By Aaron Reiss
By Angelica Leicht
By Dianna Wray
By Aaron Reiss
By Camilo Smith
By Craig Malisow
By Jeff Balke
By Angelica Leicht
Practice is over for the day. As the team huddles together to hear coach Adelman's final words, Morey climbs the stairs leading to his sparsely decorated new office. "I'm still in the process of moving in," he says. Pictures of his children — eight-year-old Karen and five-year-old Scott — populate his workspace. On the wall in front of Morey's desk, there's a magnetic board containing every player in the NBA — organized by team — and his salary cap number, the key ingredient which thwarts oh-so-many talk radio trades.
Morey eases into his chair, at ease within his 6'4'' frame. His features faintly resemble those of a less-angular Conan O'Brien, perhaps because of his affinity for junk food and Kraft cheese slices. "I eat those like a meal," he laments.
Wife Ellen says that despite his long hours, Morey spends a lot of time with his children. "He was obviously very into science when he was young, and he likes to do science experiments with my daughter. It's really fun to watch his love of learning rub off on them, and they get very excited about the time they spend with their dad," she says.
Morey's old boss from Parthenon, Kosmo Kalliarekos — who also happens to be one of the lead advisers to the Gates Foundation on the issue of American public school system reform — says it's a mistake to assume Morey is just a stats guy.
"Here's Daryl in the middle of the summer — probably in the midst of a lot of thinking about how to construct the team, the trades and all that—he calls me up as he was driving around and he said to me, 'Let's talk a little bit about education because that subject really interests me.' And we had like an hour-long discussion about why we have so many problems in our education, particularly in our inner cities and our urban areas. That floored me."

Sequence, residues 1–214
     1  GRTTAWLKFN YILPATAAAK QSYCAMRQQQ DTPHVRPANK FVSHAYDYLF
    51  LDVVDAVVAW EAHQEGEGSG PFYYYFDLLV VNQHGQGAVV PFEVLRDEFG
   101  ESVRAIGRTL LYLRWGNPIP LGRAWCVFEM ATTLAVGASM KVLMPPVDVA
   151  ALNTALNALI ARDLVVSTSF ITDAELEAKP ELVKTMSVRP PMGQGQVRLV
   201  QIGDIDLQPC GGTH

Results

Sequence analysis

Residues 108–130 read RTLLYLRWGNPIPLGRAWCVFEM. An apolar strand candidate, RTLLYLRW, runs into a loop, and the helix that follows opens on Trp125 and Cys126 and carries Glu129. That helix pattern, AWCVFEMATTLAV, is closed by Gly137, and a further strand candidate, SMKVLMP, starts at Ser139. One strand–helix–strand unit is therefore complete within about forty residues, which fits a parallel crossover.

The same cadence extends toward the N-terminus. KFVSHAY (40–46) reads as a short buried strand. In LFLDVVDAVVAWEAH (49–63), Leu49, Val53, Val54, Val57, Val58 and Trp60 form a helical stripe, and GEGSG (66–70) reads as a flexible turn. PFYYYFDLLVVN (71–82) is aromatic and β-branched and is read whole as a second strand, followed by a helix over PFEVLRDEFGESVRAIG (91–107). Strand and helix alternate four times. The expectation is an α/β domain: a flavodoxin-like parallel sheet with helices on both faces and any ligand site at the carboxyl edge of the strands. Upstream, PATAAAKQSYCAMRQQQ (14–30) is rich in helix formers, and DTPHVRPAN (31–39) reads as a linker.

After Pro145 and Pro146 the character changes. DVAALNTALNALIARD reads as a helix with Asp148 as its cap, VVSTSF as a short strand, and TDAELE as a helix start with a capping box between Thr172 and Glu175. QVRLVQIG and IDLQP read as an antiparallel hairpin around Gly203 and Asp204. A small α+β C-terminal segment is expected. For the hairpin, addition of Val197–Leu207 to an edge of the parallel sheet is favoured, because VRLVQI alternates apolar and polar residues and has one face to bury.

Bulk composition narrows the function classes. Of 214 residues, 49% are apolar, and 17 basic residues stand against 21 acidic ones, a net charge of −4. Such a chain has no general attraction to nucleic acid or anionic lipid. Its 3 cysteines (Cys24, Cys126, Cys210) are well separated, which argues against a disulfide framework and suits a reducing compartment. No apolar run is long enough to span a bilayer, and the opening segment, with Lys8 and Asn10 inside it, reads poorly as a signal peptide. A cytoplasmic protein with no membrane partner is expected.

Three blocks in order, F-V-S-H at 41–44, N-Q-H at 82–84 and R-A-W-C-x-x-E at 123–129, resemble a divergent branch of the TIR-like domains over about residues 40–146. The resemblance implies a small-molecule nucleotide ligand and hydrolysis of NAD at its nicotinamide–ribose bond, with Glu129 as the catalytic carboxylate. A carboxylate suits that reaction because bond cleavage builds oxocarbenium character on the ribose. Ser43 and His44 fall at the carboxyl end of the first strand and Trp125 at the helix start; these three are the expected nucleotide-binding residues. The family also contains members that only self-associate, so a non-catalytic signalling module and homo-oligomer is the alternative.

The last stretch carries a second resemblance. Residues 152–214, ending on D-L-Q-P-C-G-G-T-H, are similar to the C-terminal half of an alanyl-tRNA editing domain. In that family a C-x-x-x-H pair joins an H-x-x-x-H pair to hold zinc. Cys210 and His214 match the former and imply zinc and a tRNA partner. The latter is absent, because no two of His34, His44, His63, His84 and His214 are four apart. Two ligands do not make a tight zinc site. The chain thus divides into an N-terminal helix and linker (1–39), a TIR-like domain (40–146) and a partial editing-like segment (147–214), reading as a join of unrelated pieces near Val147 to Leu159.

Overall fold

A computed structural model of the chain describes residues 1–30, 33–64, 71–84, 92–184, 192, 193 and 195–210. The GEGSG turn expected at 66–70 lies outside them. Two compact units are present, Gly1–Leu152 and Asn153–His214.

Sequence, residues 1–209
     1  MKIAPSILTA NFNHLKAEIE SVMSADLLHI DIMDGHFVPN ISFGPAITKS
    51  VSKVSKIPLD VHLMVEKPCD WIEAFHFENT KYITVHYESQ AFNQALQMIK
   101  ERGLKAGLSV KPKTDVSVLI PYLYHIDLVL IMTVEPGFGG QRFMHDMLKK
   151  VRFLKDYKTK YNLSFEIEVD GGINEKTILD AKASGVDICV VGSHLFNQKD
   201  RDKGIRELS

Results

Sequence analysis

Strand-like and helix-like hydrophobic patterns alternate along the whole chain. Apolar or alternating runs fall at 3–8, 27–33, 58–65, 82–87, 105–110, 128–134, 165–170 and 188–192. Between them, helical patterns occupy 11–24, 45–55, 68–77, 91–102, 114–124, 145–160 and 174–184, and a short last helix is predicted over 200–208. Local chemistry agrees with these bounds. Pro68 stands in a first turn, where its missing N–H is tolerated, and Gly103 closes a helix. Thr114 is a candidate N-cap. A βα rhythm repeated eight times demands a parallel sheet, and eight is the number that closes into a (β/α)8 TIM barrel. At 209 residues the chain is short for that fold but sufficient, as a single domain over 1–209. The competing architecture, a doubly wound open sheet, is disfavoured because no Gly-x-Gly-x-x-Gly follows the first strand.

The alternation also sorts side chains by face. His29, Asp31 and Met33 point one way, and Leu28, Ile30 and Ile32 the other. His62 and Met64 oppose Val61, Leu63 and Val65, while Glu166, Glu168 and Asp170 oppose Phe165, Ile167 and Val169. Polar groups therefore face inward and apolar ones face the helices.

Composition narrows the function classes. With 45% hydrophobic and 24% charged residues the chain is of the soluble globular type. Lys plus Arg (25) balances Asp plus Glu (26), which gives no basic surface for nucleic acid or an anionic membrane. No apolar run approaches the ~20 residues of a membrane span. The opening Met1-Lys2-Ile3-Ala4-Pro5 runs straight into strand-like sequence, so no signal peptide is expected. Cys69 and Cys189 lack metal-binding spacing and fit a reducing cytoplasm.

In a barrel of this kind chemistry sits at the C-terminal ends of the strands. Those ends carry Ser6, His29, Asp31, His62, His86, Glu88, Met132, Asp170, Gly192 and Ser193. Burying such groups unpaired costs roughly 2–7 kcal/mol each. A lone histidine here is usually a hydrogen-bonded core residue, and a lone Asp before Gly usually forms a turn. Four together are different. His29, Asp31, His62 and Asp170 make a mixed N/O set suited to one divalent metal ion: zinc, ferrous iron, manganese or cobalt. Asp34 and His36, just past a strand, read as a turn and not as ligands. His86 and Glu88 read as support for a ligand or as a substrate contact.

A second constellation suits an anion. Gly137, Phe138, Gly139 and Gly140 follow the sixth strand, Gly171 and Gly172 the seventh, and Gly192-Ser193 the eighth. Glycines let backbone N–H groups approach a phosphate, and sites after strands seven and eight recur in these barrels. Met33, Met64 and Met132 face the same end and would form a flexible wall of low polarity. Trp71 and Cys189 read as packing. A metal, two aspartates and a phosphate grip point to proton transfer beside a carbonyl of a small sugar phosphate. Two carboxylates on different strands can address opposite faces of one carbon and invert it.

Morey doesn't spend time worrying about whether his lack of basketball experience could hinder his ability to get the job done. "I don't think it's really a factor. I mean, you don't have to be a farmer to run Hormel." Beane considers it a nonissue, too.
"I think the idea that you have to have a certain amount of experience and have to be a certain age to be in certain positions in sports is really out the window," Beane says. "I think a major portion of sports front offices are going to look not unlike what Wall Street looked like ten or 15 years ago: sort of the best and brightest. Because it is a business and sports does lend itself to analysis and people who have a significant investment in their clubs are going to look toward people who take more of an objective view than a subjective view."
"And the one thing I know about Daryl: He's going to use all the information he can, not just objective, but subjective. That's what people do. They realize there's no template that works year after year after year. I think the brightest leaders are the ones that are able to take a piece of everything and sort of mold it into their own philosophy and ultimately implement it within their organization."
Morey leans forward in his chair. He says he doesn't spend too much time concerning himself with the methodology. His concern is the end result. "I think as long as people see that it can help the team win, they're going to get behind it. We hope to be the champions, but at the end of the day, only one out of 30 gets to be happy in June."
For all the numbers that race through Morey's mind, that "one" is the only figure fans really care about. They're counting on him to take them there.
The Rockets rookie GM leans back and steals a glance at the magnetic board before him. He's working on it.